In another embodiment, the beam steering element 218 a-n may be a material, such as silicon, that is transparent to the optical signals used for telecommunications (i.e., traffic wavelength(s) λt). Semiconductors absorb and can therefore be used as detectors for light with wavelengths less than a cutoff wavelength. For example, silicon has a cutoff wavelength of light at 1.1 micrometers, where typical transmission wavelengths used in telecommunications networks are greater than or equal to 1.3 micrometers. To effectively use a beam steering element with a silicon detector, light (i.e., the alignment wavelength λa) is added in the couplers 103 a, . . . , 103 n (FIG. 1) or 203 a, . . . , 203 n (FIGS. 2A and 2B) at a wavelength less than the cutoff wavelength of the material used to fabricate the beam steering element. Laser sources are readily available, such as lasers at 0.980 micrometers, and can be used in this manner.

The second embodiment has several advantages. First, none of the light from the telecommunications signals λt passing through the device is used for alignment, minimizing losses of optical signal power of traffic wavelength(s). Excessive losses can require the need for further amplification of the telecommunications signals and add extra cost to a network. Second, incorporating the detector 219 n into the beam steering element 218 n as opposed to a separate element (not shown) results in a cost savings and ensures optical alignment of mirrors (not shown) on the output beam steering elements 208 a-n relative to the detectors. Third, the use of silicon for a detector, and the fabrication of such devices, is well known and cost effective. Finally, any added cost caused by adding the extra light generating elements, such as an alignment laser operating at 0.980 micrometers, can be reduced or minimized by sharing a single source among all the input couplers, 103 a, . . . , 103 n (FIG. 1) or 203 a, . . . , 203 n (FIGS. 2A and 2B).

FIG. 3 is a flow chart of a process for manufacturing or fabricating a beam steering element having an integral detector. The process 300 starts at step 301. In step 311, an optical detector is configured of semiconductor material. The American Heritage® Dictionary of the English Language, Fourth Edition, defines the term configure as follows: “To design, arrange, set up, or shape with a view to specific applications or uses.” In step 321, a reflective surface is associated with the semiconductor material. Finally, in step 341, a portion of the semiconductor material is configured to be a movable beam steering element. The process 300 returns 303 to step 311 to manufacture another optical beam steering element.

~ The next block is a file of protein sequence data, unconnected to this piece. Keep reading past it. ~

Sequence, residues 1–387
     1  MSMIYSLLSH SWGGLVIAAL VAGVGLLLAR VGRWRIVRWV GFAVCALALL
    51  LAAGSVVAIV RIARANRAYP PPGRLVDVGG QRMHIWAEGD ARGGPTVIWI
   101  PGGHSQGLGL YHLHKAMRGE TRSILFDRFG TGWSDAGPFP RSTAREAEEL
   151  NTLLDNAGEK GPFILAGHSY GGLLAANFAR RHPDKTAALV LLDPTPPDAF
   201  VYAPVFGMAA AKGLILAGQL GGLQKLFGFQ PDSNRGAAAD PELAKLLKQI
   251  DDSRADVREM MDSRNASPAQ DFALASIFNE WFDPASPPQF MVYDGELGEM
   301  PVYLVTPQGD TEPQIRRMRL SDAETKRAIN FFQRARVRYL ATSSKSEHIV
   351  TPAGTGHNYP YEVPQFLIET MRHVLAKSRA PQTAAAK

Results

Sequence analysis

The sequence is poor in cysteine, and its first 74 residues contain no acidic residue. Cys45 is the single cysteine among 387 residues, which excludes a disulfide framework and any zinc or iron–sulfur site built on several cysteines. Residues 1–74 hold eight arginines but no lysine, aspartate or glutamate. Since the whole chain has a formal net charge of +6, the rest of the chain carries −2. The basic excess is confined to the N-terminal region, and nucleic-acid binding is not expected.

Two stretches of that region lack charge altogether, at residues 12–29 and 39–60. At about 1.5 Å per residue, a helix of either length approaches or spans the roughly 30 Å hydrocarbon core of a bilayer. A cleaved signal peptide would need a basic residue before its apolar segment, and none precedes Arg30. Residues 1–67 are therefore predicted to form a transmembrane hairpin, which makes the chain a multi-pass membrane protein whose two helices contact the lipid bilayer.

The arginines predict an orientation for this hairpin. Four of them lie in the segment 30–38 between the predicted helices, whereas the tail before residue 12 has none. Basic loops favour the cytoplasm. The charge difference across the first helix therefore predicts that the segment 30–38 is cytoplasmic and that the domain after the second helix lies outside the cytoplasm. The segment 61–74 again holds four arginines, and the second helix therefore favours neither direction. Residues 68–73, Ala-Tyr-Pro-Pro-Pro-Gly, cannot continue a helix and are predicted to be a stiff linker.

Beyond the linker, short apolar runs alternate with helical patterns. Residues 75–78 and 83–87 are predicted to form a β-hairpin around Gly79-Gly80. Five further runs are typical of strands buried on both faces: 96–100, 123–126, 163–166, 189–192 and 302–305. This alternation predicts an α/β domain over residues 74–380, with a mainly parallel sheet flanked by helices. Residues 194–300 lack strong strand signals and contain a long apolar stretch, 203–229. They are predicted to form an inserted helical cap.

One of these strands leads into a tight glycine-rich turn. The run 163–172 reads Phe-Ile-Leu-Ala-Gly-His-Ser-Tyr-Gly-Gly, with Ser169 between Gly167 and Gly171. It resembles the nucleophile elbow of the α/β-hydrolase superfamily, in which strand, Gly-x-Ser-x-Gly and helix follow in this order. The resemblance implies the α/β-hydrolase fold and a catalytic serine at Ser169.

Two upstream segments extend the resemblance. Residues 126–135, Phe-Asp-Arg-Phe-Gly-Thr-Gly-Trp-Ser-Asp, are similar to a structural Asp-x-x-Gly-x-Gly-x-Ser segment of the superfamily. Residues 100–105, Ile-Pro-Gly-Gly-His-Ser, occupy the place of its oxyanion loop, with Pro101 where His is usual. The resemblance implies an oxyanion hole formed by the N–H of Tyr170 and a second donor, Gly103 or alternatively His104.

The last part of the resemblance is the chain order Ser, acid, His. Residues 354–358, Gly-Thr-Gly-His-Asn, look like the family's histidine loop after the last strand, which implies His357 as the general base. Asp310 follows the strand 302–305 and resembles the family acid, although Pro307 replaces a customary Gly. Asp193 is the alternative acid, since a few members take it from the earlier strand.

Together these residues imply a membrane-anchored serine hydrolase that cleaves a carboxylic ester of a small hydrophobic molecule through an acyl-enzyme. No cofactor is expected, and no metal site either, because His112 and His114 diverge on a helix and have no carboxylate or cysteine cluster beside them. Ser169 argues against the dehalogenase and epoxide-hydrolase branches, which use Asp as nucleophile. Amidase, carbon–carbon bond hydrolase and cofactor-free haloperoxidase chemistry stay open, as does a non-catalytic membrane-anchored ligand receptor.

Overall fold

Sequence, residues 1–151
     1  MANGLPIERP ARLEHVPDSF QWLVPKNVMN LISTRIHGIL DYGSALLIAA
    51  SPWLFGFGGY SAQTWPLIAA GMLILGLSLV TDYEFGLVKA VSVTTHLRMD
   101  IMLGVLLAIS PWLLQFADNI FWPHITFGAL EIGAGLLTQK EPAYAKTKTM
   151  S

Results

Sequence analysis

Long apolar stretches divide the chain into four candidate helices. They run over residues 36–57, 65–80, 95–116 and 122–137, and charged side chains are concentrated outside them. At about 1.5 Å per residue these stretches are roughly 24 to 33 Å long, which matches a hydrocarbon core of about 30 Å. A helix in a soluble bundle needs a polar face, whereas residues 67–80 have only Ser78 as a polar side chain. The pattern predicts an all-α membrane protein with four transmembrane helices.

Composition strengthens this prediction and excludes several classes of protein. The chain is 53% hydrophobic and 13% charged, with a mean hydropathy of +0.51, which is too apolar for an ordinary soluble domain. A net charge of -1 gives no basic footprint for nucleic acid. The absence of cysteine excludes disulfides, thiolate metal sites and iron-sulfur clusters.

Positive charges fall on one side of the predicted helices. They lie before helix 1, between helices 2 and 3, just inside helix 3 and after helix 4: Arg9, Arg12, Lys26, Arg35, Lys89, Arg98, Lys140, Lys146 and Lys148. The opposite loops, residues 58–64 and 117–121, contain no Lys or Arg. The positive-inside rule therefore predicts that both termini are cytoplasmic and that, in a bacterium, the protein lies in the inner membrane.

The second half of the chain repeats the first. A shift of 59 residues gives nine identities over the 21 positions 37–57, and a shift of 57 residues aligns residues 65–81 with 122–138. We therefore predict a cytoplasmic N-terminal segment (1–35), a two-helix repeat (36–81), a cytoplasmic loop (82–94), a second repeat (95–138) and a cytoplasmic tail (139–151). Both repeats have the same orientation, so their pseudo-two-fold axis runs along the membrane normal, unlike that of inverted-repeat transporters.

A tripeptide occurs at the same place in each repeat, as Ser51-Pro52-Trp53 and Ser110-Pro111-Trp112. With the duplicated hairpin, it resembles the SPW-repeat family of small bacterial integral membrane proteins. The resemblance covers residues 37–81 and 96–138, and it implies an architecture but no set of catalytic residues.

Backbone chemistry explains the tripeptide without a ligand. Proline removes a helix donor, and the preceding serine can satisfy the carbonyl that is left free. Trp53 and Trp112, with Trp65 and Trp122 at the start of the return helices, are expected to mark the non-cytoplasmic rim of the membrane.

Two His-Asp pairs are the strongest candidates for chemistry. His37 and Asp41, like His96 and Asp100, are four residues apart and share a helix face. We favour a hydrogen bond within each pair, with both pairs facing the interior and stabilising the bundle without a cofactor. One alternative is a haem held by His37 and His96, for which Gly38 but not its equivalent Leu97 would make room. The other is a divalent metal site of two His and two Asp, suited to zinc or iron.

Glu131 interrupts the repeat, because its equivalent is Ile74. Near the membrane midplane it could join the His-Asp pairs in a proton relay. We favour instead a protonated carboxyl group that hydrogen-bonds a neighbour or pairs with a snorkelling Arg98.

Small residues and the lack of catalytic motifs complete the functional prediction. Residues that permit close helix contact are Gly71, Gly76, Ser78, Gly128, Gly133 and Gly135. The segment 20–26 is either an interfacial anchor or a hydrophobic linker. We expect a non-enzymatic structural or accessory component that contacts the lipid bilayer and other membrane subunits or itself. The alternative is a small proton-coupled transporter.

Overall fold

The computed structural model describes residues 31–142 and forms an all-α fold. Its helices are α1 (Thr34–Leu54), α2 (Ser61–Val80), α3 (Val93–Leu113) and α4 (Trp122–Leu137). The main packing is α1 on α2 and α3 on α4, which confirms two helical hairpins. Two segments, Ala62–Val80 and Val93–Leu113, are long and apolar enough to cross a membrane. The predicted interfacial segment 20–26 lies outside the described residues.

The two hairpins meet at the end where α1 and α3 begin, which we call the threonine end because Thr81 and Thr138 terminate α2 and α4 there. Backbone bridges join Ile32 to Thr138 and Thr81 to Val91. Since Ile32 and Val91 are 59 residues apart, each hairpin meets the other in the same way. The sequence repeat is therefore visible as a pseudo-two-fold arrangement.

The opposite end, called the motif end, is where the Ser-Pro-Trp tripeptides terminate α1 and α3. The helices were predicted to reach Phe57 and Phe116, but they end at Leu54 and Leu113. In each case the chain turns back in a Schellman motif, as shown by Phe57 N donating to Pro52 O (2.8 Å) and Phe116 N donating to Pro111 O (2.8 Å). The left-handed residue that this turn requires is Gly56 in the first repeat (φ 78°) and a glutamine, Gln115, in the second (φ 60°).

FIG. 4 is a flow chart of a process for manufacturing the same or another embodiment of the beam steering element. The process 400 starts at step 401. In step 411, a first mask defining a p-doped region is formed on a semiconductor material, such as a silicon wafer, having n-doped regions. In step 415, the masked semiconductor material undergoes ion implantation to form the p-doped region. In step 421, a second mask is formed on the semiconductor material to define a reflective surface and electrical contacts. In step 437, the masked semiconductor material undergoes metal deposition to form the reflective surface and the electrical contacts that support connection of the n-doped and p-doped regions to an electrical circuit. In step 441, a third mask is formed on the semiconductor material to define a gimbal frame and a reflective surface gimbal. Finally, in step 443, the masked semiconductor material undergoes an etching process to form the gimbal frame (e.g., X-axis gimbal) and the reflective surface gimbal (e.g., Y-axis gimbal). The process 400 then returns 403 to step 411 to manufacture another optical beam steering element.

FIGS. 5A through 5H referred to below further illustrate the process of manufacturing an embodiment of the beam steering element as set forth by the flow chart of FIG. 4.